A continuous quality improvement cycle for teaching the identification of psychosocial problems to general internal medicine residents

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Abstract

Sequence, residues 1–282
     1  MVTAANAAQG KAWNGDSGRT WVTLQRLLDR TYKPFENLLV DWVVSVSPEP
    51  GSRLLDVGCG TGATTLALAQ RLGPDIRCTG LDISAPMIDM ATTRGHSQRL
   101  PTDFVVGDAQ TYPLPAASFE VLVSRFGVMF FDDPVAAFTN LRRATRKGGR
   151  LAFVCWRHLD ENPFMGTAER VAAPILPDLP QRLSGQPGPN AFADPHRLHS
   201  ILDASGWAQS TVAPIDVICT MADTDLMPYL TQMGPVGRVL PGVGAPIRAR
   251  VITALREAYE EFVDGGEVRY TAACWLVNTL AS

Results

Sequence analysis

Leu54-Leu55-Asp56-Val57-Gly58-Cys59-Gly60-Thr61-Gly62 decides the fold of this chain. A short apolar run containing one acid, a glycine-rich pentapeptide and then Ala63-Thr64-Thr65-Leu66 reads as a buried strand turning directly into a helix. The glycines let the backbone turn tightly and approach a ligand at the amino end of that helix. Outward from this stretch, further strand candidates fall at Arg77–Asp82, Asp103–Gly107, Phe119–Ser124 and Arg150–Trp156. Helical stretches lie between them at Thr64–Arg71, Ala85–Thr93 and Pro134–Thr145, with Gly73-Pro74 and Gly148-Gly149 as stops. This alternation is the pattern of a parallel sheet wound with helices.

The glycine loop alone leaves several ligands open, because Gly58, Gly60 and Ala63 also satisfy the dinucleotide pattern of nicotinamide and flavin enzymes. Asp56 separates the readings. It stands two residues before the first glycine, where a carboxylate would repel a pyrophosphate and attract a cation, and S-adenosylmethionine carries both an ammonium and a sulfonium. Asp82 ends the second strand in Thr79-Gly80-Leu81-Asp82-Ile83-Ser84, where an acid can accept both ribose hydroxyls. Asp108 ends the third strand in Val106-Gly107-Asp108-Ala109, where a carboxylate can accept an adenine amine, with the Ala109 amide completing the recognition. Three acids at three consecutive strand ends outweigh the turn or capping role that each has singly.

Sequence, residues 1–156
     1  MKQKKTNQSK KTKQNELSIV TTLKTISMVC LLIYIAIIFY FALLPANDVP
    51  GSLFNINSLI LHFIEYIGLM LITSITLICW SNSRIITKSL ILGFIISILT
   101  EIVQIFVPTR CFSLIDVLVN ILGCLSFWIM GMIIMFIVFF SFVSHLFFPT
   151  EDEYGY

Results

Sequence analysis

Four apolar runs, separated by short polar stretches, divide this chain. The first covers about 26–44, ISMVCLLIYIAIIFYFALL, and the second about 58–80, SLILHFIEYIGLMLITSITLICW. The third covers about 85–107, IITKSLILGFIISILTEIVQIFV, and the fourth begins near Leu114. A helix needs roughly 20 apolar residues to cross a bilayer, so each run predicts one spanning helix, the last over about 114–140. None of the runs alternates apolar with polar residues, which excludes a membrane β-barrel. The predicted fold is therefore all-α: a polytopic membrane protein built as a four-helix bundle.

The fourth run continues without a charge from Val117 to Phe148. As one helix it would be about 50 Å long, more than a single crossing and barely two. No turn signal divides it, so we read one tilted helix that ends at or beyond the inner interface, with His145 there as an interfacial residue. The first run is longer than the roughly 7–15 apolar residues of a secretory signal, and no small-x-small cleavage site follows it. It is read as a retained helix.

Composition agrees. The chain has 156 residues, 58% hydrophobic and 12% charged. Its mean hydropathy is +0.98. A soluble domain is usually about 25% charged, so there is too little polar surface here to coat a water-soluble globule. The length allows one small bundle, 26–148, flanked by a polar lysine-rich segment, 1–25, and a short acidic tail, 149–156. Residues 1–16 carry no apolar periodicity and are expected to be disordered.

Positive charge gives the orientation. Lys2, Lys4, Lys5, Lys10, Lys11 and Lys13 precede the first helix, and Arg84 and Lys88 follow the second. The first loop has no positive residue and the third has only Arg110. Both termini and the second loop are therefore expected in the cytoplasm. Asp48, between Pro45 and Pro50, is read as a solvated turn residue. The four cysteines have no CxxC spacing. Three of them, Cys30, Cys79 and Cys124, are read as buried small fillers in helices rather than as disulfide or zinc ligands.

PURPOSE. To study a continuous quality improvement (CQI) cycle intended to enhance general internal medicine residents' identification of psychosocial problems in an ambulatory-care setting. METHOD. From 1986 through 1990, the authors compared two groups of comprehensive examinations of patients by 34 residents at the University of Vermont College of Medicine before and after the implementation of a CQI cycle. After data on the first group of 17 residents' examinations of patients had been retrospectively audited by a clinical social worker, the CQI cycle was developed for the next group of 17 residents' examinations to reinforce the importance of psychosocial problems in primary care and the use of diagnostic case-finding instruments, flow sheets, and real-time feedback from social workers to the residents on their performances, according to accepted predefined specifications. The t-test was then used to measure the difference in the residents' performances between the two groups of examinations. RESULTS. The CQI intervention resulted in a statistically significant (p < .05) improvement in performance: an increased rate of residents' identifications of patients with psychosocial problems, from 72% (36 of 50 patients) to 85% (140 of 165 patients). CONCLUSION. That the CQI cycle resulted in improved performance suggests that an effective psychosocial training program for residents in ambulatory primary-care general internal medicine can be organized around CQI and a problem-oriented system of care.

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